3. Ken:

    You mentioned coffee (assuming drip variety here). I am not sure how long it remains fresh in those plastic containers it usually comes in. Sam’s club sells their packer’s label brand in red metal cans (I think 48 oz) for around $6-7 per can (before bidenflation). The seal on top is metal coated plastic and holds a slight vacuum. I’m guessing if you can tolerate the blend – there is some choice (I like it ‘medium’) it might store better than the total plastic deal.


  4. bb_in_GA,
    i,m told that freeze dried coffee will last indefinably. i have no direct experience in storing it long term but that is the general consensus on most prepper websites.
    i would like to hear Ken’s opinion on this.

    1. nyscout
      I like the taste of freeze dried coffee added to my perked coffee. The plastic jar I am currently using dated “2004”. Flavorful, not bitter at all, just makes for some “road tar” coffee. Lol

    2. At Amazon, they sell a box of 1000 regular Tasters Choice in the single serve packets. They are 1.5 grams each and cost right now is $109.00. Throw them in a bucket. Should last a long time. Decafe cost more and does not come in a large box.
      I also consider these to be a good trade item as coffee is an addiction!

      1. I have the same thing but Folgers, I think I have about 300. great for the GHB and if I had to barter coffee they would be an easy way to do it ( that’s why I bought them ) i also store jars of freeze dried coffee and about 500 tea bags

      2. I can see the reasoning behind getting the box of 1,000 single 1.5 gram instant coffee packets. But as this comes to around $33 per pound that’s more than three times what buying it in an 8 oz jar costs.

  5. My parents lived thru the Great Depression. Growing up, I remember large (gallon size?) jars of coffee beans stashed away.
    Then there is roasted dandelion root and roasted chicory root coffee. Chicory doesn’t grow naturally here, so get chicory seeds from Strictly Medicinal.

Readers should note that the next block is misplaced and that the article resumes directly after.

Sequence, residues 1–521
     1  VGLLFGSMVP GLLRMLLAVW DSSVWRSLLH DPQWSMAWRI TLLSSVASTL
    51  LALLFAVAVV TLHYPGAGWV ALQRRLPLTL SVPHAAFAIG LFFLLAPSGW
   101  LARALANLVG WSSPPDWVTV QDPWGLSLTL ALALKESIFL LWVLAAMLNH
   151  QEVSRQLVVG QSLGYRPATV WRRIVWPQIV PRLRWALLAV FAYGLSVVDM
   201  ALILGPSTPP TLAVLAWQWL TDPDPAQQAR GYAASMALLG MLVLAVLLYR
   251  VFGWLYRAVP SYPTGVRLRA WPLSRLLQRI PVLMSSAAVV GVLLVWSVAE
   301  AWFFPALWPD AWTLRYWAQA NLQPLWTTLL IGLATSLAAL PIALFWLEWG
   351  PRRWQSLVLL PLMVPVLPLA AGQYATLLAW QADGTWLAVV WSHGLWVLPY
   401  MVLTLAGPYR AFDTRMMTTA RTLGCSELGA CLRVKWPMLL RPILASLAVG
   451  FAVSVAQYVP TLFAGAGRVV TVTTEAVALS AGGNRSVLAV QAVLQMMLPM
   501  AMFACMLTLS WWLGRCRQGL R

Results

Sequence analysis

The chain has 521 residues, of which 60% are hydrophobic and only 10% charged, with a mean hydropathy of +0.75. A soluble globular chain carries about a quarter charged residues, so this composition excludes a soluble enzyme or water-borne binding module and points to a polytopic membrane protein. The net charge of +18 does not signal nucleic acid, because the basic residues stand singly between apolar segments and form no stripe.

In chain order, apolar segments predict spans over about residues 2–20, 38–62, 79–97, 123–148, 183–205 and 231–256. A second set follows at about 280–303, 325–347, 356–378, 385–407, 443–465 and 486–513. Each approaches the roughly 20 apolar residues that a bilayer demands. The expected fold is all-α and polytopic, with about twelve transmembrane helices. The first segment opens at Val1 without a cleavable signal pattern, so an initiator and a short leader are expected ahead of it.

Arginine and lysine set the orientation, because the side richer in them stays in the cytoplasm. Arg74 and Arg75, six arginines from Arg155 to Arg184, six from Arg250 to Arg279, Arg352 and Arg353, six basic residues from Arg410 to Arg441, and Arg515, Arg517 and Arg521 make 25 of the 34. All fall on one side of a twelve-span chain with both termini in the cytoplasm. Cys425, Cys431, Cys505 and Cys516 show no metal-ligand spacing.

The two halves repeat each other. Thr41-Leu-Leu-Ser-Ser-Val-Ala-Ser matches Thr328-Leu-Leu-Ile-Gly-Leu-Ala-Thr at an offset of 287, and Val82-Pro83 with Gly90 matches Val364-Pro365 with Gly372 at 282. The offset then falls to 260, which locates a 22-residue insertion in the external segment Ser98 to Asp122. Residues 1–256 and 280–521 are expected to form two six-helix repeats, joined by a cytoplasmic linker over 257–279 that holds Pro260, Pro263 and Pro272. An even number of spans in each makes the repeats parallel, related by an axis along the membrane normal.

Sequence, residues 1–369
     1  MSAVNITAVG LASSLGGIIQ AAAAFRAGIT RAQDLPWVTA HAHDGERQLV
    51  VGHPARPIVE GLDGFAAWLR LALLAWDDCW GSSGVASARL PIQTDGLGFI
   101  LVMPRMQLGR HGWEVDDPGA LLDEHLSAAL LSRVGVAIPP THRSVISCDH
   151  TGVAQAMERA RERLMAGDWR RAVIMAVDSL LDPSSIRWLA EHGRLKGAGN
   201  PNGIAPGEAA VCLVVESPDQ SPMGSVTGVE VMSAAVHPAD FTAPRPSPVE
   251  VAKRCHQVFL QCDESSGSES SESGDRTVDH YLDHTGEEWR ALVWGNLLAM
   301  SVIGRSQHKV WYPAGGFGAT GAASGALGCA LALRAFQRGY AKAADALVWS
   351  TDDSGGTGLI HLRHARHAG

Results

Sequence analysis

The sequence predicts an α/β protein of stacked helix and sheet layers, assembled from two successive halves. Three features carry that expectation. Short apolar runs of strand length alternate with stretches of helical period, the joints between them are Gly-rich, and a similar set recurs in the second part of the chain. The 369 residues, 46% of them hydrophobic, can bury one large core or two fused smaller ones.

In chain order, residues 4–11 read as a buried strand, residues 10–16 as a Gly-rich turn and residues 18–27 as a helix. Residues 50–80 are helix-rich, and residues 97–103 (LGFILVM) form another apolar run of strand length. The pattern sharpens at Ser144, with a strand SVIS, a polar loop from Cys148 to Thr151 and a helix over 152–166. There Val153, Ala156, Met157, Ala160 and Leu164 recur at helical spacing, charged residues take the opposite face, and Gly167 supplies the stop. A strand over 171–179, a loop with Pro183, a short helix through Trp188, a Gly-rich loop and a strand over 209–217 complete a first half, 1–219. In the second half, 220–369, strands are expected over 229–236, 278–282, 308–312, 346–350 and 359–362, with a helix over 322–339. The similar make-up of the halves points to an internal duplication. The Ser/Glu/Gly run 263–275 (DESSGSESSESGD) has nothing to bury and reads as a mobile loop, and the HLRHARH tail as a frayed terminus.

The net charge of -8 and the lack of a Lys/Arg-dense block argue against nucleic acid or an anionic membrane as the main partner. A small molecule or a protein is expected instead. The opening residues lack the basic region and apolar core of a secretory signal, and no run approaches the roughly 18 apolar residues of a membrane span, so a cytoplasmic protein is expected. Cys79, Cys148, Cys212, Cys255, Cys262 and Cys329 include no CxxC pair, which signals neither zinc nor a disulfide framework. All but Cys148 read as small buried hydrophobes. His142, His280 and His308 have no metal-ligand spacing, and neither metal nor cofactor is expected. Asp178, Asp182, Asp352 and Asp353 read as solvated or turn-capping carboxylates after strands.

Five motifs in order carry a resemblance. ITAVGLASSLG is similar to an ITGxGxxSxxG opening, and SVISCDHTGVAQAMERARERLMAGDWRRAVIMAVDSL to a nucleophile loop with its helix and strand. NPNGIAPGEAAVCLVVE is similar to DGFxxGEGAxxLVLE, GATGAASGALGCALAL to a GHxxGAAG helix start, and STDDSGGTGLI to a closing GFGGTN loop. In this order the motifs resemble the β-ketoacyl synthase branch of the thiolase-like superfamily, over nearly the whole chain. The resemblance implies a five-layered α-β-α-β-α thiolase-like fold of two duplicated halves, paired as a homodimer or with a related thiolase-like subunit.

If fireweed grows where you live, you can make black (fermented) fireweed tea. Our Science teacher, as a science experiment(?) made sassafras tea in class.
    Never been much of a coffee drinker, but have jars of loose tea in the larder. But good point about coffee as a barter item.

  6. Still a good Article Ken.
    Remember reading this many years ago.
    I’ll reiterate the suggestions I made back a few years.
    As you said “Store what you eat, Eat what you store”.
    FIFO (First in, First out) meaning rotate your supplies.
    Make and MAINTAIN an Inventory. Tis very, VERY, easy to forget about those items you have stashed wayyyyy back behind the Furnace in the Basement.
    Make a Plan/List on what and how much you believe you’ll need when everyone you expect to show up When/If TSHTF, than add 25%.
    Lastly, even though not a “Food” please remember everything that goes ‘in’ MUST come ‘out’ sooner or later, Got Toilet Paper?

  7. This is an excellent article Ken. I am sure many newbies appreciate the info. It is actually time for me to run through my pantry and take anything we won’t get to down to the local food pantry. We keep 5 lb packages of flour for emergencies and will occasionally mix that flour with fresh ground to use it up but We will still have a couple bags to donate. I also purchase cans of pasta sauce and spaghetti to donate, along with peanut butter and jam, and canned chicken. The condiments also get rotated out. The canned veggies of green beans and corn are another item we take to local food pantry. We prefer our home grown corn but will use a can here and there for stews. Mostly these are purchased as an additional hedge and are considered along the lines of “insurance”. Someone will benefit from the stocking of these extra items. Budgets get tight for people in December and January (taxes due) so they are good months to give food that We won’t be using.

  8. Article re new international shipping legislation at Fox News today. Contains this tidbit “ “Farmers in my district are already looking at shortages on farm equipment and chemicals along with skyrocketing costs, which will impact what they are able to plant next year,” Illinois congressional candidate Esther Joy King, a Republican, told FOX Business.” So guess the answer to the question posed in this article is EVERYTHING.